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New Pforzheimer Fellows Will Tackle Library Projects

Four graduate students to immerse themselves in modern librarianship this summer.


May 13, 2014—The Harvard Library will launch the Pforzheimer Fellows program this summer, which will bring together humanities graduate students who will have the opportunity to learn in-depth about the work of libraries today, especially about emerging fields in librarianship.

Named in honor of Carl H. Pforzheimer III’s generous contributions to the Library, the Fellows will work on projects under the tutelage of skilled librarian mentors and learn about career opportunities in  librarianship, touching on subjects like innovative collection building, online publishing and the management of intellectual property.

Professor Robert Darnton, the Carl H. Pforzheimer University Professor and University Librarian, proposed the fellowships.

“Graduate students face uncertain futures, especially in the humanities. Research libraries are seeking talent, especially in areas that require humanistic learning and technological skill. By exposing students to the possibilities of library careers, the Pforzheimer Fellowships will bring together an opportunity and a need in a way that could have long-term benefits for the world of learning,” said Darnton. "And in doing so, they will honor Carl Pforzheimer for his generous contributions to Harvard and its libraries.”

Libraries from six different Harvard Schools [FAS, GSD, HBS, HLS, Harvard Archives and Radcliffe] proposed ten projects for which graduate students were invited to apply. The committee fielded applications across disciplines and stage of study, from GSAS and the Divinity School, from G1s to students planning to graduate next year.

The Fellows bring diverse experience and interests to the Library. Professor Ann Blair, Harvard College Professor and Henry Charles Lea Professor of History, chaired the selection committee that evaluated applications from the students.

"The internship proposals and the applications were uniformly excellent and the committee faced some difficult decisions. In the end we favored making the best possible matches between the internship projects and the student applications,” said Blair. “We very much hope that the program can be continued next year, because there is clearly strong interest from both libraries and students in building the intellectual and professional partnerships that this program seeks to foster."

Alina Lazar, a second-year PhD candidate in Romance languages, was drawn to the opportunity to learn more about a resource she utilizes constantly. “As I became more familiar with the libraries I wanted to know how they work,” she said.

In the two-month program, the students will delve into projects proposed by the hosting libraries and, along the way, learn about the institutional realities and intellectual challenges librarians face.

The Pforzheimer Fellows will contribute to four projects:

  • “Revealing Zines at Harvard”: Alina Lazar, a PhD candidate in Romance Languages and Literatures, will work with the Harvard College Library’s collection of 20,000 zines acquired without an inventory. Her mentor Leslie Morris, curator of modern books and manuscripts at Houghton, has asked her to blog the experience and provide images and text while working on an inventory.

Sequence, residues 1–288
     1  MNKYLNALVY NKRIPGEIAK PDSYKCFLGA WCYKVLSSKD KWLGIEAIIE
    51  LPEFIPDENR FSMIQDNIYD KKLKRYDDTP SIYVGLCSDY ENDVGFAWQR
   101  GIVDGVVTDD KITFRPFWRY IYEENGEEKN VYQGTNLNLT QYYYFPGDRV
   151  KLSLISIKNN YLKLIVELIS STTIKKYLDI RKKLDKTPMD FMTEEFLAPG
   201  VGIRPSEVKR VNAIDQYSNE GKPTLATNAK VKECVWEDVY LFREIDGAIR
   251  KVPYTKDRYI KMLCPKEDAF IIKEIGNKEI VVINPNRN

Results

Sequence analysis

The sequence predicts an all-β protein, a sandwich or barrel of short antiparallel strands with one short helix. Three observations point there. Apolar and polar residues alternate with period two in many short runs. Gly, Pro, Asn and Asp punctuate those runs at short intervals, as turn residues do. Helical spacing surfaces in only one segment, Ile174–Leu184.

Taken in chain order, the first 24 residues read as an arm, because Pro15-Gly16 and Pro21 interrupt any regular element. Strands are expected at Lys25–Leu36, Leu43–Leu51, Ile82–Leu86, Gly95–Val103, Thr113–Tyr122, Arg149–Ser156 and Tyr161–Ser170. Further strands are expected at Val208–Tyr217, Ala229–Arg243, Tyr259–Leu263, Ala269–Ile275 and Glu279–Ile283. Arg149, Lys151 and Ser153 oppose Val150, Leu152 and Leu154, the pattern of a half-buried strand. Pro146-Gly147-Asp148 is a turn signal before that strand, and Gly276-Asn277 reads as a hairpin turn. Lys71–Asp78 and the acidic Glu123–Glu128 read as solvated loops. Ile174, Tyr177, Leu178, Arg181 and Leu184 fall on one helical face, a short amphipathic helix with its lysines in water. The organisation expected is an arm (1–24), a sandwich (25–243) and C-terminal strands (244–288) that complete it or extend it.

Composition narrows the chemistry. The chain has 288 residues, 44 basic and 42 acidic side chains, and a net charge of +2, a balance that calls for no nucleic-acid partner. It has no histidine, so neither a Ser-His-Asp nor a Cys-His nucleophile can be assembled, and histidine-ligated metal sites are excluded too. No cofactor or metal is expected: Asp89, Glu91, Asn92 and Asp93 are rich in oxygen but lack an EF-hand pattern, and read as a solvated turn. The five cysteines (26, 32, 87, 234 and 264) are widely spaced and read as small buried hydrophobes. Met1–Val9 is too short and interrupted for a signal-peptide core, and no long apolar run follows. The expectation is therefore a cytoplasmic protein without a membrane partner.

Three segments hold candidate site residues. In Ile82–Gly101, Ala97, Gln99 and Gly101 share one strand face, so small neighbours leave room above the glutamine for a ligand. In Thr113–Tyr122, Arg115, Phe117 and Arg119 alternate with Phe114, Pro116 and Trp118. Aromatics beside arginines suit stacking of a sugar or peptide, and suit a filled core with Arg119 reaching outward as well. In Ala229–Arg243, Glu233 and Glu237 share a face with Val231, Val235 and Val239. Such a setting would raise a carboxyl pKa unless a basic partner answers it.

• “Enhancing Access: The Papers of Heinrich Brüning, Chancellor of Germany and Littauer Professor of Public Administration at Harvard”: James McSpadden, a PhD candidate in the history department will survey the papers of Brüning and use  his previous experience with Brüning archives to create rich descriptions that will enhance access to Harvard’s Brüning materials and draw connections with Bruning materials held elsewhere. McSpadden will work with Robin McElheny at the Harvard University Archives.
  • “Web-Based Media and Map Projects”: Heng Du, a PhD candidate in East Asian languages and civilization, will create virtual tutorials on the use of library and museum objects and resources for undergraduates and help finish a project to digitize sea atlases. Du will work with Martin Schreiner, head of maps, media, data and government information for the Harvard College Library; Joseph Garver, Librarian for Research and Collection Development in the Harvard Map Collection; and Paul Worster, Multimedia Librarian
  • “Exploring Surface Table Technology in an Archival Setting”: Bradley Craig, a PhD candidate in African and African American studies, will explore the role of technology in the library’s efforts to share digital resources. Craig will work with Marilyn Dunn at Schlesinger Library.

The fellowships are accompanied by a stipend of $5,000 per fellow. The Fellows will begin their work on June 1 and will complete them with a report on their experiences to Diana Sorensen, dean of Humanities of the Faculty of Arts and Sciences.

Du hopes experiencing a new side of academia will help her make informed career decisions in the future. "Especially at Harvard where there are all sorts of things going on, it is possible to explore various nontraditional ways of working as an academic," she said. "I'm excited to see where this path leads to."

The host libraries hope to gain much more than contributions to projects.

“We’re thinking of it not as just a way to get stuff done—we want Heng to get involved in our unit,” said Schreiner. “I want to give her a sense of the larger community here.”